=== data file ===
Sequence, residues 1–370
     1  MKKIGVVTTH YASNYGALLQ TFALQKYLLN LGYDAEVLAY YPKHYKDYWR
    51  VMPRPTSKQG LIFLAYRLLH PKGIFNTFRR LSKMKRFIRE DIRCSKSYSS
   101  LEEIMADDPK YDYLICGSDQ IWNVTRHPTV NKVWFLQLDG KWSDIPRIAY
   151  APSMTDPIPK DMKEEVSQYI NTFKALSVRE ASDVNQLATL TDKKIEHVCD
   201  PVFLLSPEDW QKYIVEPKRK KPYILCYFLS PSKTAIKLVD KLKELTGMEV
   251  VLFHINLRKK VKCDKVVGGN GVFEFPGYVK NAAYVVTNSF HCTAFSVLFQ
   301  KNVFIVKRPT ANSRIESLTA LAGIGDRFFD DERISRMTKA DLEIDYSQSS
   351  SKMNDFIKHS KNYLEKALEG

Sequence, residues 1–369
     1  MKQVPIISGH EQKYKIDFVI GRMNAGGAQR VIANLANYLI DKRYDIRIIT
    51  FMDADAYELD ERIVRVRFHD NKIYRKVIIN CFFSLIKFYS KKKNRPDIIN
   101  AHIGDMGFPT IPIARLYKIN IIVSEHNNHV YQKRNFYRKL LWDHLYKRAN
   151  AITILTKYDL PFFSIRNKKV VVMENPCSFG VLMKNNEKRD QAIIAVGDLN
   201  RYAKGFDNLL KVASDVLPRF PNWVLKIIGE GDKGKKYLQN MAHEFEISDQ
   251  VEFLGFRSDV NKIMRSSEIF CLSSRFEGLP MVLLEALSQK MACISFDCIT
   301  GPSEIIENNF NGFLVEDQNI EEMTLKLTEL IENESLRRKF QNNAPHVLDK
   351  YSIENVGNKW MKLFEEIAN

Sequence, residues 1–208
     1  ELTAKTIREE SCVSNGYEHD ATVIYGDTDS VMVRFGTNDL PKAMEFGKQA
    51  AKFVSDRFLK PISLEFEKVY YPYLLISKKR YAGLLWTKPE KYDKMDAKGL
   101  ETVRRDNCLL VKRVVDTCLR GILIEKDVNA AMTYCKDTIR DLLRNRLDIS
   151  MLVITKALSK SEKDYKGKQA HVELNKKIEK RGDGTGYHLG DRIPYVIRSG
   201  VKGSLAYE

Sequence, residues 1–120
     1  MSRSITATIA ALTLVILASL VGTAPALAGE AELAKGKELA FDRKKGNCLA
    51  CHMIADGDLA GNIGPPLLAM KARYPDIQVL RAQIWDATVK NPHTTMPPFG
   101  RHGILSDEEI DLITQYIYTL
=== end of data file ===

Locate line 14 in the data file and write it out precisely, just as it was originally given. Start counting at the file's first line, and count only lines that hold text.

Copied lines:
   151  AITILTKYDL PFFSIRNKKV VVMENPCSFG VLMKNNEKRD QAIIAVGDLN